JupyterLab on Edge
Jupyter notebooks are the most popular environment for exploratory analysis and interactive programming. Edge makes them even more powerful for you. To get started, click on the "Analysis" tile on your Scientific Workbench. Once you are inside the Analysis App, you can work with your Jupyter notebooks just like any other Jupyter or JupyterLab system.
You can launch a "Get Started!" notebook and see a quick demonstration of what you can do in notebooks on Edge:
Connection to Files on Edge
On the left sidebar of your Analysis App, you will notice that there are two file browsers. One is the built-in local JupyterLab filesystem where you can upload and read data for analysis. This is also where you create and save your notebooks. But there is also a second browser specific to JupyterLab on Edge that points to Files on Edge. This is the shared file space of the Edge organization where you have launched your Analysis App from.
You can move data between your local JupyterLab filesystem and Files on Edge with a simple drag and drop. This works in both directions. If you want to create a local copy of a shared file to analyze and modify it in a notebook; or if you want to share the results of your work in JupyterLab with your team, all you have to do is to drag and drop files between the two file browsers:
Jupyter notebooks on Edge
On Edge, you also get a predefined object in each notebook, called
This object serves as your programmatic access point to the rest of your Edge
organization. At any time, you can evaluate
edge (run a cell with the
object by itself) to get an overview of the Edge object and its functionality:
This object serves as your entry point to access data and files in Edge.
You can browse files stored in the Edge internal file
system by using the ".files" attribute. Here's an example:
['myfile.jpg', 'myfile.csv', 'myfolder']
edge object connects you to the rest of the Edge ecosystem. For example,
here's how you can list uploaded files and folders in Edge's internal storage:
edge object, you can also access data from remote data sources:
['data-warehouse-sql', 'petstore-api', 'data-lake-s3']
>>> lake = edge.sources.get('data-lake-s3')
['Experiment data', 'SEM micrographs']
>>> lake.root.open('Experiment data').list()
Installing Python packages
A large number of Python packages useful for scientific data analysis
are preinstalled. You can also add additional packages using
(the Enthought Deployment Manager) or
pip (the default Python
package manager) in a JupyterLab terminal:
$ edm install <package-name>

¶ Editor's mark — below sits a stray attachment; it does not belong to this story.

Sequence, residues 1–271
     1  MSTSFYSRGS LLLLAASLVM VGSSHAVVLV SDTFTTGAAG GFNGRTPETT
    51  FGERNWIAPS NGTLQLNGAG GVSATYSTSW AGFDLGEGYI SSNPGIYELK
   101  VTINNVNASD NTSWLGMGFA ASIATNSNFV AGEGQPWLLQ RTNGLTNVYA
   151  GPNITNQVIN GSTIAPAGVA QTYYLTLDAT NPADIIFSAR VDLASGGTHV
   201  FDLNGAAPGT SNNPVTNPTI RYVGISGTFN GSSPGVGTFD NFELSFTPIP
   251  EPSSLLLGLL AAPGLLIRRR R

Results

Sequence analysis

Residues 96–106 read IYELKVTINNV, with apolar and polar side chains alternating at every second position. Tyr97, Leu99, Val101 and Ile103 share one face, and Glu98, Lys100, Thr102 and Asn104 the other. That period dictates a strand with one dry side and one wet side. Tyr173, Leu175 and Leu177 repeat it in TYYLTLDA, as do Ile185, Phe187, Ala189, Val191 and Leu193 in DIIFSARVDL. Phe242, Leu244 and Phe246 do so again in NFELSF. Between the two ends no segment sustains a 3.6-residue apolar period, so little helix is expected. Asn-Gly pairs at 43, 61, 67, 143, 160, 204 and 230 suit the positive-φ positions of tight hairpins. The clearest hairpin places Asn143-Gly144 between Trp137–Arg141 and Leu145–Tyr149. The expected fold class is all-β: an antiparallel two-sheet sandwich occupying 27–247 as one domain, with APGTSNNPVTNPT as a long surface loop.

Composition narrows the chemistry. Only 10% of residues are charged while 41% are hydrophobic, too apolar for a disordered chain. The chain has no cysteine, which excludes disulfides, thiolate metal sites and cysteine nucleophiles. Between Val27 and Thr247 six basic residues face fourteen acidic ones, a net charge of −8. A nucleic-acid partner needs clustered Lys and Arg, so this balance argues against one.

$ pip install <package-name>
Packages can't be installed into a running Python environment. Before
installing packages via
pip, be sure to shut down any active
kernels. To do this, go to the Kernels menu and select Shut Down All
Kernels. Please note that you will lose any in-memory values for your
We recommend using the Enthought Deployment Manager (
edm) unless the
package you want isn't available from Enthought's package repositories.
edm have been extensively tested to make sure they work
together. You can read more about EDM in the
official EDM docs.
From a notebook tab, you can return to the launcher page using the large blue "+" button at top left (screenshot attached below). From there you can launch new notebooks, terminal windows and more.
Connecting to Github
If you have a repository hosted on a version control service such as GitHub or GitLab, you can clone it into your workspace by using the built-in git extension.
Clicking on "Git" in the top menu brings up the option to "Clone a Repository", which will then prompt you to enter the GitHub or GitLab repository URI. Be sure it starts with "https://".
On GitHub, you can find your repository URI by opening the page for the repository and selecting the blue "< > Code" button. In GitLab, open the repository and look for the blue "Clone" button. You can copy the URI from the box that opens.
If your repository is not publicly accessible, you will see a prompt asking for your credentials to the version control service. For security, it is recommended that you enter a personal access token instead of your password. You can find information on creating a personal access token on the GitHub or GitLab documentation pages.
If you get into trouble, shut down any running notebooks and run the
reset-edge command from the terminal. This will restore your package set to
the "factory default" settings:
Resetting Edge will:
* remove all custom Python packages and environments
* restore your Python packages to factory default
You will NOT lose any files or notebooks.
Continue and reset Edge (y/n)?
When you see the prompt above, enter
y to confirm the reset. Your
packages will be restored to their default settings.
To preserve compute resources, any running kernel or terminal that is inactive for 30 minutes will be terminated. After that, if the Analysis App detects no activity for 4 hours, it will automatically shut down.